Notes

§2n1. Cf. also the parallel use of penthos in inscriptions (e.g., Sokolowski 1955 no. 16.11-13).

§2n2. Cf. also XVI 548-553: it is penthos that makes the Trojans want to recover the body of Sarpedon.

§3n1. Ch.1§2, Ch.12§3; cf. Nagy 1974.229-261.

§4n1. Nagy 1974.256.

§4n2. Ch.1§3.

§5n1. Nagy 1974.244-255; see also Koller 1972.

§5n2. Nagy, pp. 255-261.

§5n3. On the notion "therapôn of the Muses": Ch.17§§3-9, Ch.18§§1-6.

§5n4. Cf. Kullmann 1956, esp. pp. 11, 20.

§5n5. Cf. also line 33: humnein ... genos.

§5n6. Cf. West 1966.189.

§5n7. The connection of genos here with the notion of "theogony" is made even more explicit at Th. 114-115. On the traditional nature of theogonic poetry: Duban 1975.

§5n8. On the etymology of Moûsai: Ch.1§3n2.

§5n9. Cf. also Th. 61.

§6n1. Nagy 1974.244-255.

§6n2. Even this narrative of a narrative obeys the convention of beginning with a word that serves as title (in this case, nostos at i 326), followed by an epithet and then a relative clause that sets forth the relationship of the title word to the main subject (in this case, how Athena caused the nostos of the Achaeans from Troy to be a baneful one indeed: i 327). See Ch.5§8n1. Thus the word nostos here designates not only the homecoming of the Achaeans but also the epic tradition that told about their homecoming.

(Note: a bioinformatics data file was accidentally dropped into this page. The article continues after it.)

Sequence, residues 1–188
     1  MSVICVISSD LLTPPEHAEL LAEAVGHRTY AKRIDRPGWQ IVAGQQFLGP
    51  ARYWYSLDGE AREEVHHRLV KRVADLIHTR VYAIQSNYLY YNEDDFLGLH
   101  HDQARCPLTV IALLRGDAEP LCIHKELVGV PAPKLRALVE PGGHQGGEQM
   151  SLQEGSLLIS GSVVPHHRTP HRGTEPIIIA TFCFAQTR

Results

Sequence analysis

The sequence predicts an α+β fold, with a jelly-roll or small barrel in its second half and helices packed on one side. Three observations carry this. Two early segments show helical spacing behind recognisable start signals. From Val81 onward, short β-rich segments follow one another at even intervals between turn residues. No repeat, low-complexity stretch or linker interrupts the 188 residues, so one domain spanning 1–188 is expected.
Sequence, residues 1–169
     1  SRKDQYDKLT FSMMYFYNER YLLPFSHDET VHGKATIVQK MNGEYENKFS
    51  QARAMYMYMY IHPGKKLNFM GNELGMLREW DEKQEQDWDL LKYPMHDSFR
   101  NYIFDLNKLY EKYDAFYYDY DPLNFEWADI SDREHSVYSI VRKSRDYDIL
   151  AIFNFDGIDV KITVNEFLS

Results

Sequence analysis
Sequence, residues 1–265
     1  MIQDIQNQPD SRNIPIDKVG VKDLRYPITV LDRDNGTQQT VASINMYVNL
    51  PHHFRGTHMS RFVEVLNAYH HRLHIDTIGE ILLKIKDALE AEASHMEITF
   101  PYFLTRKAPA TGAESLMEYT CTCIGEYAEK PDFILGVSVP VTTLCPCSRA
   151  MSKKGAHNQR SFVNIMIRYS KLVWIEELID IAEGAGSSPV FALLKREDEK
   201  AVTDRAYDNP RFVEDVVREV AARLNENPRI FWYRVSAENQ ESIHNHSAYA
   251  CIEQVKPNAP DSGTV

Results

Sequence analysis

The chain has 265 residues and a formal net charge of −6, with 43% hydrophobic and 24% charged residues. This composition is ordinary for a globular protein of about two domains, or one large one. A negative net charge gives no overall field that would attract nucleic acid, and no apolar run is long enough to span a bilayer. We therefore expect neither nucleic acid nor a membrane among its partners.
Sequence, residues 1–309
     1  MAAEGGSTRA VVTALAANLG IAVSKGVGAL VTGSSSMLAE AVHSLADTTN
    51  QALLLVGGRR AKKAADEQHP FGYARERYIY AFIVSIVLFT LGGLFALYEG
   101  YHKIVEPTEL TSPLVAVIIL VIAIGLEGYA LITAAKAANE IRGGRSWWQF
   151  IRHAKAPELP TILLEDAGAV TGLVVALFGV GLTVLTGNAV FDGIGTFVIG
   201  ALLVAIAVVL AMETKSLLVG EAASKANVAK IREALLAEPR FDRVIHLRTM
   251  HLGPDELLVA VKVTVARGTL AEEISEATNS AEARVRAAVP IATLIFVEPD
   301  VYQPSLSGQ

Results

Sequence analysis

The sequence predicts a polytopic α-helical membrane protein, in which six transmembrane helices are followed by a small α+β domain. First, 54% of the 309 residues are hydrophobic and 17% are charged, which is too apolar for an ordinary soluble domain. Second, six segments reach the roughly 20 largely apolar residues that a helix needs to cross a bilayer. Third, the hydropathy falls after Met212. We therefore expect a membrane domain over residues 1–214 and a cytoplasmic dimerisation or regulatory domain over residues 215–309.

§6n3. On the Will of Zeus as the plot of the narrative, see the comments on viii 577-580 at §8; also Ch.5§25n2 and Ch.7§17.

§6n4. For the semantics of kleiô/epikleiô, compare aineô/epaineô, the technical and programmatic words for "praise" in praise poetry (e.g., Pindar O.4.14/P.2.67; see Detienne 1973.18-22). Cf. also the technical word used by rhapsôidoi for the notion of "recite Homer": Homêron epaineîn (Plato Ion 536d, 541e).

§6n5. See also n2 above. For further discussion of the two-level application of kleos to characters within the narrative and to the audience outside the narrative: Nagy 1974.11-13. More on i 351-352 in Nagy 1990.69.

§9n1. See Friis Johansen 1967.28 on the corresponding theme in archaic iconography: warriors killing children in the presence of women. In fact, the iconographical evidence indicates "a coherent Iliou Persis narrative as source" (Friis Johansen, p. 36).

§10n1. Bassett 1933.58.

§10n2. Sinos 1975.104.

§11n1. At XXIV 105, her penthos is described as alaston 'unforgettable'.

§11n2. Ch.2§11; cf. also Nagy 1974.250-255.

§12n1. Cf. Eteoklos in Hesiod fr. 70.34MW, a by-form of Eteokleês; also Dioklos (H.Dem. 153), a by-form of Diokleês/Dioklês (H.Dem. 474, 477).